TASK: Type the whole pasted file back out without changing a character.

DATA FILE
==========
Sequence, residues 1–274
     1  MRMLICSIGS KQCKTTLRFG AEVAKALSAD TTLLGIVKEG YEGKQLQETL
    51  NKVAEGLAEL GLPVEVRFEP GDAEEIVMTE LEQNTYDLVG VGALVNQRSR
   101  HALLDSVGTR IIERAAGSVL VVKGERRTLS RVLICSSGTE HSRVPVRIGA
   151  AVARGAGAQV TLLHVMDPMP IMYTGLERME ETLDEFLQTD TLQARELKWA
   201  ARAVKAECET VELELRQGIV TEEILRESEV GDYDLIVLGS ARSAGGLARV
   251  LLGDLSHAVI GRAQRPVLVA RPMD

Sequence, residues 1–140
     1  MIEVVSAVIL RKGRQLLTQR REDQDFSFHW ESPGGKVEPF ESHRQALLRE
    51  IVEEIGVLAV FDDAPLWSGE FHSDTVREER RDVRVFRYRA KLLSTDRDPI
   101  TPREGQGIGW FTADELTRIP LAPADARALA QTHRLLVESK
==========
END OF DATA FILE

Sequence, residues 1–274
     1  MRMLICSIGS KQCKTTLRFG AEVAKALSAD TTLLGIVKEG YEGKQLQETL
    51  NKVAEGLAEL GLPVEVRFEP GDAEEIVMTE LEQNTYDLVG VGALVNQRSR
   101  HALLDSVGTR IIERAAGSVL VVKGERRTLS RVLICSSGTE HSRVPVRIGA
   151  AVARGAGAQV TLLHVMDPMP IMYTGLERME ETLDEFLQTD TLQARELKWA
   201  ARAVKAECET VELELRQGIV TEEILRESEV GDYDLIVLGS ARSAGGLARV
   251  LLGDLSHAVI GRAQRPVLVA RPMD

Sequence, residues 1–140
     1  MIEVVSAVIL RKGRQLLTQR REDQDFSFHW ESPGGKVEPF ESHRQALLRE
    51  IVEEIGVLAV FDDAPLWSGE FHSDTVREER RDVRVFRYRA KLLSTDRDPI
   101  TPREGQGIGW FTADELTRIP LAPADARALA QTHRLLVESK